Some of the best and most popular treatments in exfoliators include glycolic, salicylic, and lactic acids, as well as fruit enzymes (eg papain). These treatments are derived from natural sources.

Chemical Vs. Physical Exfoliation: What Do Experts Suggest?

Both types of exfoliation methods do essentially the same thing – remove dead skin cells – but they work differently. According to experts, there are a few key differences you should be aware of between chemical and physical exfoliation.

Mild chemical exfoliants tend to be gentler on skin than physical scrubs. Many facial scrubs on the market have large, uneven particles that can irritate the skin. Chemical exfoliants are less prone to user error in terms of applying too much pressure, which can lead to inflammation. In the end, choosing one method over the other has more to do with what your skin can tolerate and your skin type!

How Skin Type Determines What You Use

Both chemical and physical exfoliants have their pros and cons. It’s important to listen to your skin’s needs and choose an exfoliant that suits your skin type.

Sensitive, Dry, and Mature Skin
If you have this skin type, lactic acid or PHAs are a great all-rounder and are a gentler choice of exfoliators. They don’t penetrate the skin as deeply – less irritation for the win!

Normal and Combination Skin
If you have this skin type, glycolic acid holds the title of having a lower molecular weight than most other acids. This means it can penetrate your skin more deeply.

Oily, Breakout-Prone Skin
If you have this skin type, your skin may enjoy a salicylic acid (BHA) product. Salicylic acid has anti-inflammatory and antibacterial properties, which are helpful for acne.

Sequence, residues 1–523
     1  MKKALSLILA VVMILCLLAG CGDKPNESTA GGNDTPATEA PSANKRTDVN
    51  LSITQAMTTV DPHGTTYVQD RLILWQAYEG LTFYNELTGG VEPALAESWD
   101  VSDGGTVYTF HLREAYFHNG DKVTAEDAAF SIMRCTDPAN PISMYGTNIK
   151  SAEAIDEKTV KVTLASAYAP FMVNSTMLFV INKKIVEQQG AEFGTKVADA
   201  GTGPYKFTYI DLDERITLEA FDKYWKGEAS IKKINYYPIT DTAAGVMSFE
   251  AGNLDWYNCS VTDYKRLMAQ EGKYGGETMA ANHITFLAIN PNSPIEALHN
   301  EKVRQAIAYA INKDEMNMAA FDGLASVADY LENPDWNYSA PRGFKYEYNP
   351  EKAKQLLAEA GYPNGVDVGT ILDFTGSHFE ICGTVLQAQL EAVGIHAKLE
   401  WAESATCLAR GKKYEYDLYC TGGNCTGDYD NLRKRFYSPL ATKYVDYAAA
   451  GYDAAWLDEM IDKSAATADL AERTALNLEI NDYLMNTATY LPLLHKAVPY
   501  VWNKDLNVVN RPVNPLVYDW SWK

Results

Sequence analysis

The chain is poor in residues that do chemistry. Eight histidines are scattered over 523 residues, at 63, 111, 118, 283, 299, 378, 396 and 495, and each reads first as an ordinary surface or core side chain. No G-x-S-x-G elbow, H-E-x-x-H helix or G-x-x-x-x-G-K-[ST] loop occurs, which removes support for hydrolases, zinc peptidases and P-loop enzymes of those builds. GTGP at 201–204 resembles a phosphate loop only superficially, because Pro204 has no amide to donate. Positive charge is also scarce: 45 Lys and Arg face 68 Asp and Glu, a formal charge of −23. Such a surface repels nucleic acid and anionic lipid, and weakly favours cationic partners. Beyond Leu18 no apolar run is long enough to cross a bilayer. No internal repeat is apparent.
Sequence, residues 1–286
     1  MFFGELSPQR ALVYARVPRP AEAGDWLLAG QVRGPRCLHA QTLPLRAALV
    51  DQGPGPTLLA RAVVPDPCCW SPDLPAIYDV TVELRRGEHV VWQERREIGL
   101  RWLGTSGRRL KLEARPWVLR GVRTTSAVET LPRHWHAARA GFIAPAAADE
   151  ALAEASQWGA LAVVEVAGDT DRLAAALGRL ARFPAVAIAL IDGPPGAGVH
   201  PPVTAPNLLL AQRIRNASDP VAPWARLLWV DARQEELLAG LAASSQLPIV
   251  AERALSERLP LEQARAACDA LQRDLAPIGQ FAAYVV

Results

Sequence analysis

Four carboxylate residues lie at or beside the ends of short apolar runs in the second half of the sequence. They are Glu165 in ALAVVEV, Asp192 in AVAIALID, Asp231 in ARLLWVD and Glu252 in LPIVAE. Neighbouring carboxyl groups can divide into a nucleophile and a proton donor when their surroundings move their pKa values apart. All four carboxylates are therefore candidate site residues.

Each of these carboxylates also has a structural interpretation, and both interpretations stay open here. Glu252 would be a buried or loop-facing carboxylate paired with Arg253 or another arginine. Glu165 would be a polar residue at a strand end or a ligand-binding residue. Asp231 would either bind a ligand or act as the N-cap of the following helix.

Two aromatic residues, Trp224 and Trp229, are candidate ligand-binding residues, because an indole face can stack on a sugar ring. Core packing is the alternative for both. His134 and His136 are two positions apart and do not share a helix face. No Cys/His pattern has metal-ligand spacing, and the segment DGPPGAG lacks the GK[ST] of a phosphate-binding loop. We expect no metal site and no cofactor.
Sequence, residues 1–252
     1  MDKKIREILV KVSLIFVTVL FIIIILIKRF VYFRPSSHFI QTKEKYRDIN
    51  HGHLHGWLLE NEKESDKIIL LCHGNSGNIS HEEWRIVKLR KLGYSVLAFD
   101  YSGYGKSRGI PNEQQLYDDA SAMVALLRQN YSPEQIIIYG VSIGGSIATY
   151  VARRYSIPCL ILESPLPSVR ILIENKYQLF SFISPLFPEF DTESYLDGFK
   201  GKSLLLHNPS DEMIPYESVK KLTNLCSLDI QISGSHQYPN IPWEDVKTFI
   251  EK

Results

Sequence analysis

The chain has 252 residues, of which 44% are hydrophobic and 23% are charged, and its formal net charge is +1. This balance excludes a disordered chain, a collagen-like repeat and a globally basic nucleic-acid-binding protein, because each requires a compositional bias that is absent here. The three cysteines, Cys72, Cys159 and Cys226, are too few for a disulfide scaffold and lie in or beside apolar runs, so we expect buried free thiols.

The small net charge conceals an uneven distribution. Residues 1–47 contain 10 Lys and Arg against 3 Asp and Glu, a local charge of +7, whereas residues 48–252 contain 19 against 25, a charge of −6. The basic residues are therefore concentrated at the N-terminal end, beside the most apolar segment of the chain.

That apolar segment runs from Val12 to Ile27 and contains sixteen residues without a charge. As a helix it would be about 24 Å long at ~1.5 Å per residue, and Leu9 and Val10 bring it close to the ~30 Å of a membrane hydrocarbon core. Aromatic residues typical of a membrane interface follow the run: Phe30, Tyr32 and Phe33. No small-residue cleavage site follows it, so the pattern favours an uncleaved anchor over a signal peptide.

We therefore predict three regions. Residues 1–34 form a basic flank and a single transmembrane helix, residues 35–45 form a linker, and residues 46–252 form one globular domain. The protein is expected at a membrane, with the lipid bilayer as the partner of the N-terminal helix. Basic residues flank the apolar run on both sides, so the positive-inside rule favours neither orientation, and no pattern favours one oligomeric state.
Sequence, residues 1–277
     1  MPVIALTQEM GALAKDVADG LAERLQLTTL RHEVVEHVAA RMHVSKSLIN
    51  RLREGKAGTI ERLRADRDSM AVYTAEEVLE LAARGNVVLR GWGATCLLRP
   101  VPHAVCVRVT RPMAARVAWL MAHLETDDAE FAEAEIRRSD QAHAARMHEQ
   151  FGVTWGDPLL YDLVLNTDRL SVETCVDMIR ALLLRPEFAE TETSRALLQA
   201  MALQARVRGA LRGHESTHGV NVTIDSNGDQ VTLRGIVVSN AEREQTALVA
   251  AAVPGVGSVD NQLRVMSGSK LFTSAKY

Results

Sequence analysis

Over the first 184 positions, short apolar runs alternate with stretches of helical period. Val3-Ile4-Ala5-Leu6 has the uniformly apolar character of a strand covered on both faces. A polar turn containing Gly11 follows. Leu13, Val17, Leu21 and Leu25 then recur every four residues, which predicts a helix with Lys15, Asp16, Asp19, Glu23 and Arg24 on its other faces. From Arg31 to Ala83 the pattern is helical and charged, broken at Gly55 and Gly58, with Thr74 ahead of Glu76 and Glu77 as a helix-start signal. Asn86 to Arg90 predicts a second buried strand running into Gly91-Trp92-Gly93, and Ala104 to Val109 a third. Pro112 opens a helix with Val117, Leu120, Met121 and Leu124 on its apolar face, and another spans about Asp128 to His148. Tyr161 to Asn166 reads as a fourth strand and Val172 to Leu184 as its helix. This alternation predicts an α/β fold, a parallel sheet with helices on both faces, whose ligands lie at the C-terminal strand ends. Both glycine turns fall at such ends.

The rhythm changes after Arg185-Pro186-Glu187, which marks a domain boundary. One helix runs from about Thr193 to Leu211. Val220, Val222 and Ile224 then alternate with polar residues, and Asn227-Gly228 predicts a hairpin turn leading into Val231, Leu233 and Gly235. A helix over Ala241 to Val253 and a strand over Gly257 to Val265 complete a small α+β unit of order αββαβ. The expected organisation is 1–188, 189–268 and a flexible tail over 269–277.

For a physical exfoliator for these skin types, it’s best for sensitive and mature types to stick to gentle ingredients like jojoba beads, fruit pulp, and rice powder. For normal, combo, and oily skin types, look for ingredients like matcha powder and colloidal oatmeal. Those with acne-prone skin types can benefit from oat flour and seed/shell powders.

5 Tips for Finding the Best Exfoliator for Face

To prevent damage to your skin and optimize your exfoliation process, here are important tips and guidelines to find the best exfoliator for face that works for you:

Tip #1: Use Chemical Exfoliants
If you’ve never learned how to exfoliate with an acid before, you don’t want to jump straight into using higher percentages – start low and slow to avoid irritation.

Tip #2: Wear Sunscreen
Whether you use a physical or especially a chemical exfoliant, you should always use sun protection. Even with the best exfoliator for face, chemical exfoliants make skin more sensitive to the sun.

Tip #3: Quench Your Skin
As hydroxy acids can dry out your skin, you always want to replenish your moisture levels afterward with a natural moisturizer.

Tip #4: Don’t Over-Exfoliate
It’s important not to exfoliate too much, especially if you have oily or acne-prone skin. Over-exfoliating your face can cause the sebaceous glands in your skin to produce even more oil, causing breakouts.

Tip #5: Listen to Your Skin
If you see signs of over-exfoliation like dryness, burning, or flaking, take a rain check on exfoliation. This means your skin is dealing with a lot of irritation and needs a break.

Not to be forgotten, exfoliation is a super important part of your skin care routine, regardless of your skin type! Pairing the best exfoliator for face with your skin needs will lead to rejuvenated, brighter, and potentially clearer skin. Sound good? We think so too.